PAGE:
Soon after Donald Trump’s former national security adviser Michael Flynn agreed to a plea deal with special counsel Robert Mueller on Dec. 1, Kremlin-linked trolls began ramping up their social-media attacks on the Russia investigation. They tweeted out dozens of articles from Fox News and far-right outlets aimed at undermining the credibility of the FBI, the Department of Justice, and the so-called deep state. And Vladimir Putin’s trolls would soon have a new vein of material to exploit.
As Christmas approached, a drumbeat against the FBI grew louder in certain quarters of Congress: GOP Rep. Jim Jordan led the attack, claiming on Fox News that the FBI had conspired against Trump’s 2016 campaign. President Trump himself launched broadsides against FBI Deputy Director Andrew McCabe and “leakin’ James Comey.” And on December 20, Fox News star Sean Hannity tweeted “CONSPIRACY: GOP Lawmakers Says FEDERAL CONSPIRACY to Prevent Trump Presidency.”
That day, Hannity’s website ranked among the top 10 shared by the network of Twitter accounts linked to Russian influence campaigns and tracked by the nonpartisan Alliance for Securing Democracy on its national security project, the Hamilton 68 dashboard. Hannity content had not registered much previously—but since December 20, links from Hannity’s site have appeared frequently on the dashboard, often ranking among the top 10. “It’s now up there with other top most-shared domains,” says Bret Schafer, an analyst who monitors the dashboard for the Alliance.
Another storm kicked up last week when House Republicans began calling for the release of a memo produced by Rep. Devin Nunes, purportedly alleging surveillance abuses by the FBI and the Justice Department in the Trump-Russia investigation. On January 18, Hannity inveighed against Mueller specifically: “I have a message tonight for the special counsel, Robert Mueller,” he said at the outset of his Fox News prime time report on the memo. “Your witch hunt is now over. Time to close the doors.” By the end of the following day, the hashtag #releasethememo had been tweeted about 3,700 times in 48 hours by the 600 accounts monitored on Hamilton 68, boosted in part by a tweet from WikiLeaks offering a reward for the memo. Hannity also posted “#releasethememo” to the top of Hannity.com.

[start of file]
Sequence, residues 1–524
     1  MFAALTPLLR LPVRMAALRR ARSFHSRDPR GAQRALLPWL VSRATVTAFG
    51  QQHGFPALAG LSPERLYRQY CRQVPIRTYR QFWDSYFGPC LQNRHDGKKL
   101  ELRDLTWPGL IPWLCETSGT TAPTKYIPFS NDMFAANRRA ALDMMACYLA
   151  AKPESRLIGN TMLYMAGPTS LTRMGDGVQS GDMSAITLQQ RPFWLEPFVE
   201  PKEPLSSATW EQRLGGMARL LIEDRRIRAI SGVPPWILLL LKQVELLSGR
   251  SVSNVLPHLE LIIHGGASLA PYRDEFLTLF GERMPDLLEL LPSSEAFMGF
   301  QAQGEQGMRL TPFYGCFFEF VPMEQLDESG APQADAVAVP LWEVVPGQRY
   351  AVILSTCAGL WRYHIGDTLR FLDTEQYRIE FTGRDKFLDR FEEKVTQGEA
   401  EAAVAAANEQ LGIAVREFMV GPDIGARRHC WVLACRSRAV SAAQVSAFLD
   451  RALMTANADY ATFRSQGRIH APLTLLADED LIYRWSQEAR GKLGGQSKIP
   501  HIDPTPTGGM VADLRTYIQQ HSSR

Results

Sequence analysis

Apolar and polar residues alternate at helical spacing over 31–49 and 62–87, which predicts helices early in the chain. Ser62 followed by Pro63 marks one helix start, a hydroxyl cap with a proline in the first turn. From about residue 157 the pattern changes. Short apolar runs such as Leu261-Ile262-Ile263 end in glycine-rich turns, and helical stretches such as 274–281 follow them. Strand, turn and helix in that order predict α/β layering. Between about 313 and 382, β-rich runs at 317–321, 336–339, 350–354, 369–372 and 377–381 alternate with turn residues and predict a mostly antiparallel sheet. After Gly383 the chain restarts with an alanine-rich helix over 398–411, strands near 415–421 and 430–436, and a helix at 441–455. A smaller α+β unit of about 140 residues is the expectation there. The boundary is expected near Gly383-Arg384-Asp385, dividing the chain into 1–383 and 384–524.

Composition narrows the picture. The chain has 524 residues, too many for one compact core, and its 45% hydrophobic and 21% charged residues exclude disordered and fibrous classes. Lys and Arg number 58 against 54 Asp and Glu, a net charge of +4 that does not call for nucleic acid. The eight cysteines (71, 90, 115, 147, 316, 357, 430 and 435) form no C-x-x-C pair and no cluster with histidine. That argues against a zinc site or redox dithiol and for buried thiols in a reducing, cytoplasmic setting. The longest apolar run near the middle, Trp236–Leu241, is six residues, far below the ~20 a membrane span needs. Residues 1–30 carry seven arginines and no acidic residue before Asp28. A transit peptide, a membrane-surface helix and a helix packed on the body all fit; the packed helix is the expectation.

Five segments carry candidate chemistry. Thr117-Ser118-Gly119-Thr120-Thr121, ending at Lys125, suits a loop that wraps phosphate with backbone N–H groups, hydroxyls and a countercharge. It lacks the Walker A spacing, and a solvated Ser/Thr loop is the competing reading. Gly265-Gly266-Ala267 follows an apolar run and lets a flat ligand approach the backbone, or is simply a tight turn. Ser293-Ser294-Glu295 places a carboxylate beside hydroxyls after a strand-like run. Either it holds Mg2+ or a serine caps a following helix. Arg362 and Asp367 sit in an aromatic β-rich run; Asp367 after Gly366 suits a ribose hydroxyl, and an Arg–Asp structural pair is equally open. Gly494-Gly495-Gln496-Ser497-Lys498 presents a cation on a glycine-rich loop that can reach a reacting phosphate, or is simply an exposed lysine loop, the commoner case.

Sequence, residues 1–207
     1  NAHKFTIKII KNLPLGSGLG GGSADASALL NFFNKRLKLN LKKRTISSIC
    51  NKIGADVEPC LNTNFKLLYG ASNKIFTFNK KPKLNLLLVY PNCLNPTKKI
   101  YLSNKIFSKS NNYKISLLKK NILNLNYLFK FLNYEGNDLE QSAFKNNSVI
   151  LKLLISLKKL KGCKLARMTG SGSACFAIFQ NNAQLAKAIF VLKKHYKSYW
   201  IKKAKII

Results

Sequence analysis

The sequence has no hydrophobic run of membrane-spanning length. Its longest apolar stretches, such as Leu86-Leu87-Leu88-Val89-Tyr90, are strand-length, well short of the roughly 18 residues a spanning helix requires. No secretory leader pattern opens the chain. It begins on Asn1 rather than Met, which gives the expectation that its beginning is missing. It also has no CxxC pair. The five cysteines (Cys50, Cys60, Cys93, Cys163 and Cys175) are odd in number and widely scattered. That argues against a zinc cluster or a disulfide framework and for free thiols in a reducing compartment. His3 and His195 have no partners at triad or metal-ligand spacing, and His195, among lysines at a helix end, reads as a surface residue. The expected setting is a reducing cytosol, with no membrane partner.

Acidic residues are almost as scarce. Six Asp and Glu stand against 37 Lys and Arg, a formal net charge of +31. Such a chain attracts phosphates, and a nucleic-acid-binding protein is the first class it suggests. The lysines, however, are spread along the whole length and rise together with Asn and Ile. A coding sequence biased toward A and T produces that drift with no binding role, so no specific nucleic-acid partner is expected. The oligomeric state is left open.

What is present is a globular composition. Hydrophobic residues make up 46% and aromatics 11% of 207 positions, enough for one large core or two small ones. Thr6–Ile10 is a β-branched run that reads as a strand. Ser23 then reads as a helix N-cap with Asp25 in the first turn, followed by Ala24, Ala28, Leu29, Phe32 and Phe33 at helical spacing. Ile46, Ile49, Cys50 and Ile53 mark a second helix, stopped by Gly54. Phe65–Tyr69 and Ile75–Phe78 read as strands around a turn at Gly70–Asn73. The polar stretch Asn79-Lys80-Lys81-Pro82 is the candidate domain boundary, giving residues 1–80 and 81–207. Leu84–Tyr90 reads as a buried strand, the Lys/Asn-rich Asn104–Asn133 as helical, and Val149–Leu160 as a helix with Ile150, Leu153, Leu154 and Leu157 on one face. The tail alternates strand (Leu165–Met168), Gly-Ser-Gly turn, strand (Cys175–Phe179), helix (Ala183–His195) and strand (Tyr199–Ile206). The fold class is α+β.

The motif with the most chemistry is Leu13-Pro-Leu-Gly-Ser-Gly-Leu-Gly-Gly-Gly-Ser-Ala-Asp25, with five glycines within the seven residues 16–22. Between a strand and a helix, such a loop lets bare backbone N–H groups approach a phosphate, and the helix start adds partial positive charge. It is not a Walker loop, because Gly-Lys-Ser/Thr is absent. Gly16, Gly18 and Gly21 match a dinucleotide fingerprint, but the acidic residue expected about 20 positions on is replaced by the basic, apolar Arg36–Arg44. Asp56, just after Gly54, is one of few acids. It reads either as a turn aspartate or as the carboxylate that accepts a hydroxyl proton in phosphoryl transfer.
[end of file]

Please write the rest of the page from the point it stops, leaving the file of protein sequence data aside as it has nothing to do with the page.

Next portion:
The Washington Post reported Tuesday that House Freedom Caucus leaders including Rep. Jordan recently sought Trump’s blessing for their campaign to release the memo. While the White House said Trump didn’t endorse the release of the memo, GOP lawmakers believed the president signaled that he strongly favored it. “I think it’s fair to infer with about a 99 percent probability that since it helps the president so much, that he would be happy if the public knows about it,” Alabama Rep. Mo Brooks told the Post.
On Tuesday, as #releasethememo sat among the top hashtags of the Hamilton trending list for the fifth day in a row, senior congressional Democrats called on Twitter and Facebook executives Jack Dorsey and Mark Zuckerberg to investigate the extent of the Russian influence campaign happening on their platforms in real time. “If these reports are accurate, we are witnessing an ongoing attack by the Russian government through Kremlin-linked social media actors directly acting to intervene and influence our democratic process,” Sen. Dianne Feinstein and Rep. Adam Schiff wrote to the tech leaders.